“Perhaps no set of bar application questions could strike the perfect balance between detecting problematic bar applicants and respecting applicants’ privacy,” Judge Pratt wrote, noting that these types of reviews will also lead to some false positives and negatives in flagging problematic applicants. “While the Board has no doubt endeavored to strike the right balance, in the Court’s view, Question 23 simply goes too far and strays outside of the parameters of the ADA.”

American Civil Liberties Union of Indiana legal director Ken Falk said he isn’t sure what comes next, but he’s pleased the court acknowledged Question 23 was too broad because that impacted the most applicants. Indianapolis attorney Jon Laramore, who chairs the BLE, said the judge’s ruling fits with mainstream caselaw that’s been established in about a dozen jurisdictions nationwide on this topic. The state might remove that question and determine how other questions could be revised to be a little more specific, he said.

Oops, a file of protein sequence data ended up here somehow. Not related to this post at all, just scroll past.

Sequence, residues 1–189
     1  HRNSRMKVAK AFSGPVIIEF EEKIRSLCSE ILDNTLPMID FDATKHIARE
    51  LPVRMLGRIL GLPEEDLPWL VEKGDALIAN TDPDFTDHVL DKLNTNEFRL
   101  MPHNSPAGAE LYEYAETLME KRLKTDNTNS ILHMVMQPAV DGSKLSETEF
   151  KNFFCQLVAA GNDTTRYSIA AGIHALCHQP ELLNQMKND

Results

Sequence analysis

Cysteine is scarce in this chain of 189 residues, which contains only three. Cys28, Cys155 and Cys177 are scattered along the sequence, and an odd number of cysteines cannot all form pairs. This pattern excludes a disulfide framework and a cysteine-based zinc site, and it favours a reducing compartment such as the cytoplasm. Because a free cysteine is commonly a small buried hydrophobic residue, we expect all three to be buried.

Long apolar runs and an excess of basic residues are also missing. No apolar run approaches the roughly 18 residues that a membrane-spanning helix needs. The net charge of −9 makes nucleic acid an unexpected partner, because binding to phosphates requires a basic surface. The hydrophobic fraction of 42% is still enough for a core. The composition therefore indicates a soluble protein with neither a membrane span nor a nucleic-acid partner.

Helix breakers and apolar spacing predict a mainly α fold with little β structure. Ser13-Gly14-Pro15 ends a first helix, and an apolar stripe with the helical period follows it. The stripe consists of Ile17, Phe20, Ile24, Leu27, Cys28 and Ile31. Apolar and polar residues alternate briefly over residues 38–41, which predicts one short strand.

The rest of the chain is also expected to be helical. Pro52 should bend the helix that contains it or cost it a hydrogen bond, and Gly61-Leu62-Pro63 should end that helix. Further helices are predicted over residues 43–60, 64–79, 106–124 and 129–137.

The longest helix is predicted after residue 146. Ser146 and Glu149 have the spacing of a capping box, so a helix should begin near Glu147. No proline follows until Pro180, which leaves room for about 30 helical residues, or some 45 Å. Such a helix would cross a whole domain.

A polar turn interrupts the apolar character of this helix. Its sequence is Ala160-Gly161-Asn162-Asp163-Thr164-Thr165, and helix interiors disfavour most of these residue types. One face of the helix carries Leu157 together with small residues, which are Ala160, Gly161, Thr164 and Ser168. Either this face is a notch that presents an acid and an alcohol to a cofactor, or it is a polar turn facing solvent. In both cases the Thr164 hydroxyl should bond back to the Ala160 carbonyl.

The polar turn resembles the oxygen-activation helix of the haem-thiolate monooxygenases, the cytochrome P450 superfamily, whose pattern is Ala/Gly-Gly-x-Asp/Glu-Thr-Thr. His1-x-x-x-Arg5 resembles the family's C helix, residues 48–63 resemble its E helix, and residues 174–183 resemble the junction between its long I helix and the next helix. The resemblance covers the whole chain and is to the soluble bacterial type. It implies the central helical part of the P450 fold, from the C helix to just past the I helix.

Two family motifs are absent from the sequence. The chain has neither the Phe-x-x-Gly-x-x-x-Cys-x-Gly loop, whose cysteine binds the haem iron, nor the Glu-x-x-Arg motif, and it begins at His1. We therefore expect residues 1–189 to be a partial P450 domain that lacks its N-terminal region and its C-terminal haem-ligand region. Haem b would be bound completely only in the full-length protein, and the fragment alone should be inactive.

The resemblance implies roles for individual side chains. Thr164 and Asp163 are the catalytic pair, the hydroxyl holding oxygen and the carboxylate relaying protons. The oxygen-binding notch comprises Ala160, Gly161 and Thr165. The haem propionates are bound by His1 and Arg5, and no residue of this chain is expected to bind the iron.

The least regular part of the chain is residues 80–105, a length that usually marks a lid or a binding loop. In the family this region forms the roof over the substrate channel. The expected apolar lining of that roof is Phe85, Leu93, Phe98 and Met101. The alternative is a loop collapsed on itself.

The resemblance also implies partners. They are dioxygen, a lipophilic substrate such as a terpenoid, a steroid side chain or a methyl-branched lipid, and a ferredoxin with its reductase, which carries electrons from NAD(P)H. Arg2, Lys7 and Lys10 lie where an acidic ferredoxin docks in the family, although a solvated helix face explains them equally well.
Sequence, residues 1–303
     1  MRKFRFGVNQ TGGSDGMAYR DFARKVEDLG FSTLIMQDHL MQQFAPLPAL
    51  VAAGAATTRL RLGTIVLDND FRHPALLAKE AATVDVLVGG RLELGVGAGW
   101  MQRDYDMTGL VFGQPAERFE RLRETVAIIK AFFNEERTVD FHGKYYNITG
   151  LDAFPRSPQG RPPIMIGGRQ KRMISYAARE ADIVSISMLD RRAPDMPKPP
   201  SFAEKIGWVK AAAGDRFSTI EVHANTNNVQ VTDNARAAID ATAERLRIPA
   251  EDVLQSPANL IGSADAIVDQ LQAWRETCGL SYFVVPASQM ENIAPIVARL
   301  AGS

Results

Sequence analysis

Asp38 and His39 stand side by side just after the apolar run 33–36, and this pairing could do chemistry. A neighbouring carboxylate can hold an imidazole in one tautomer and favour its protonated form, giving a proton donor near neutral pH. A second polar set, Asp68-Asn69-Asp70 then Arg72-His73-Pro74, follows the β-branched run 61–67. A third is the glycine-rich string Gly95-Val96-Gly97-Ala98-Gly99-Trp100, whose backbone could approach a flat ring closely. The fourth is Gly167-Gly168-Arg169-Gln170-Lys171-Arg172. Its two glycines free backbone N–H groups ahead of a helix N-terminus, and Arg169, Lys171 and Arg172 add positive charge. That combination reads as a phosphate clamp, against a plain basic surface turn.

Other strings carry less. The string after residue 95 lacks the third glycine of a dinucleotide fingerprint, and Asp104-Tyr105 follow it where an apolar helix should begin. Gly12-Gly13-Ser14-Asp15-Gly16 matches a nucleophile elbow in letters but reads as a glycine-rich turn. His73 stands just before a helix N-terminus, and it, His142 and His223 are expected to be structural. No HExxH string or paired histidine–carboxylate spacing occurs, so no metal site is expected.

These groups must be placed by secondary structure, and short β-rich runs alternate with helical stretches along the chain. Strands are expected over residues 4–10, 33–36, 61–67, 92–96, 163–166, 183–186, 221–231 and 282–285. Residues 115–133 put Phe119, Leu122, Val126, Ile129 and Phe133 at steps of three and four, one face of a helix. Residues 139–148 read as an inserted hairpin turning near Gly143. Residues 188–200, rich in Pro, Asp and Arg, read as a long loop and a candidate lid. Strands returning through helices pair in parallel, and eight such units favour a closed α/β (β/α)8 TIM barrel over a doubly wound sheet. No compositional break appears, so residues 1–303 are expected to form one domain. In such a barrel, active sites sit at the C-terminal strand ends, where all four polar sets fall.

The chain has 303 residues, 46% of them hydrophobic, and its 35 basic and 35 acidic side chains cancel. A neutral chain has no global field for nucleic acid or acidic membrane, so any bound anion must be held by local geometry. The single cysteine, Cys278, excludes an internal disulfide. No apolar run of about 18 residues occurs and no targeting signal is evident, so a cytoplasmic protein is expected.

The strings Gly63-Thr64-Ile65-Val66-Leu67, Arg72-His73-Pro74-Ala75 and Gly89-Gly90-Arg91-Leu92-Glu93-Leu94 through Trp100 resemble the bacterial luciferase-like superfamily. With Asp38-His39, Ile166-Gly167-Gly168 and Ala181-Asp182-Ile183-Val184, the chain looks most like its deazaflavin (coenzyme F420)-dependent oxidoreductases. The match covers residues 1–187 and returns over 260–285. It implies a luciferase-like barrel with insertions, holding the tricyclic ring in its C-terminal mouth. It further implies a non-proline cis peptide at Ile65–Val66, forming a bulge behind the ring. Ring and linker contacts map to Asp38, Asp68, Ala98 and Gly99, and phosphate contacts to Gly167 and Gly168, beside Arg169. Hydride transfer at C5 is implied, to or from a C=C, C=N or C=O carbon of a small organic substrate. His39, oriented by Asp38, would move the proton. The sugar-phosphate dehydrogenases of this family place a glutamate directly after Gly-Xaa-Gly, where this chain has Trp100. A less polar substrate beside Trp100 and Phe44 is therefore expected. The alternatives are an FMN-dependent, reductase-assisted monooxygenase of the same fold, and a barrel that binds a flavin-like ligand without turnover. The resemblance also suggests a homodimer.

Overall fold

“We try to make this process as unintrusive as possible, and the board’s view is that we can still fulfill our core function without that broad question,” he said.•

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  2. Yes diversity is so very important. With justice Rucker off ... the court is too white. Still too male. No Hispanic justice. No LGBT justice. And there are other checkboxes missing as well. This will not do. I say hold the seat until a physically handicapped Black Lesbian of Hispanic heritage and eastern religious creed with bipolar issues can be located. Perhaps an international search, with a preference for third world candidates, is indicated. A non English speaker would surely increase our diversity quotient!!!